Where’s winter? That’s the question many of us here in western Michigan are asking. As of this writing on January 7, we have no snow—zip! Perhaps a few folks want to chase away the sunshine and above normal temperatures, but actually, we’ll take it since, despite the above normal temperatures, the Muskegon River is running very cold with temperatures between 34.6 and 35.2 degrees and with higher than normal flows. Since the headwaters of the Muskegon run south from the north where the recent warm weather has melted snow, the snowmelt and recent rains have flushed icy cold water through the system. Although the higher flows will move around a few steelhead, overall, they will slow even our resident trout down a bit.
The good news, though, is that daylight is increasing with each passing day, which will prompt a few more steelhead to venture up the river as we move towards spring. Currently, steelhead fishing, whether swinging flies or deep-water nymphing, has been tough. The combination of fewer steelhead having come into the river last fall for reasons we can only speculate and the cold higher flows have made for some challenging days.
Fortunately, over the years RiverQuest guides have fished steelhead on the Muskegon River, we’ve had very few weak fall runs only to be followed by heavier than normal spring runs. In the meantime, though, as we wait for new arrivals, it can be admittedly difficult to handle the short-term reality of tougher fishing. The truth is that the Muskegon River has spoiled us year after year with solid numbers of steelhead in the system even in some of the toughest years. This winter, though, it’s as if we’ve been transported to the West Coast where fewer numbers of steelhead are the reality year after year.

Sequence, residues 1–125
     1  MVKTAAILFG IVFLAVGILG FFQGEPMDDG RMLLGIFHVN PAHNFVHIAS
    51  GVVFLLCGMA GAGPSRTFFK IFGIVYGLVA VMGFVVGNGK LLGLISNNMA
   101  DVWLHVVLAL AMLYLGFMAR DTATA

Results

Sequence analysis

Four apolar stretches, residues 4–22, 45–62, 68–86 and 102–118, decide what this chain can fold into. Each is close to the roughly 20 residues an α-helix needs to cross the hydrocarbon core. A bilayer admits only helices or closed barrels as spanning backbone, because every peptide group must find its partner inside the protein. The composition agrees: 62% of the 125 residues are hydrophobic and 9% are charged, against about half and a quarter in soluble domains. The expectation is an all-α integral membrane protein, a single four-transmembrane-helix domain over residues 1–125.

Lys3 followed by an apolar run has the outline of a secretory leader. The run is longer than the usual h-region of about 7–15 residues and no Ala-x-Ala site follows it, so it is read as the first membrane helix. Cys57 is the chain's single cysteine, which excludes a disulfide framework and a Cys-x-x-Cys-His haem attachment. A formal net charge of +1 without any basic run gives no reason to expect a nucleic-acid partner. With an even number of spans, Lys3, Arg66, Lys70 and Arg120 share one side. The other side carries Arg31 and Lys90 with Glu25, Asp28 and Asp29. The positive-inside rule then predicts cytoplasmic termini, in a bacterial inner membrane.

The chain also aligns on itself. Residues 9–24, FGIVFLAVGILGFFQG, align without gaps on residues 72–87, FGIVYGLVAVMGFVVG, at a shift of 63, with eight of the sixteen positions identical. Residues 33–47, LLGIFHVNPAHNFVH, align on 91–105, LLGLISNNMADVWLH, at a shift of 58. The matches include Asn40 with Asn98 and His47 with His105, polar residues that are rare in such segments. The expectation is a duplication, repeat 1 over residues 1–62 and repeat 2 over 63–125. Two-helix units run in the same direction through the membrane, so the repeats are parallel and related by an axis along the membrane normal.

Indeed, we can learn much from our West Coast fly fishers. Fewer fish reorient us to enjoy the process of fly fishing—the entire process—casting, line management, and soaking in all that nature gives us. In some respects, it’s nearly as enjoyable as fishing in the numbers years. Instead of our focusing primarily on what the next steelhead brought to hand will look like, we find ourselves appreciating anew the eagles, deer, otters, mink, and other wildlife that make for a memorable Michigan Muskegon River fly fishing experience.
Rest assured, though, both steelhead and resident trout fishing will pick up as the weather settles into a more seasonal mode. A lighter fall run of steelhead nearly always portends a disproportionately large spring run—much the same, when the opposite occurs. So, now is the time to secure your late winter and spring steelhead dates. When the large numbers of steelhead arrive, don’t be left off the schedule because you waited too long to book your preferred days. Single and multi-day fly fishing trips are available now with our five Orvis Endorsed fly fishing guides. We would love to host you in 2019.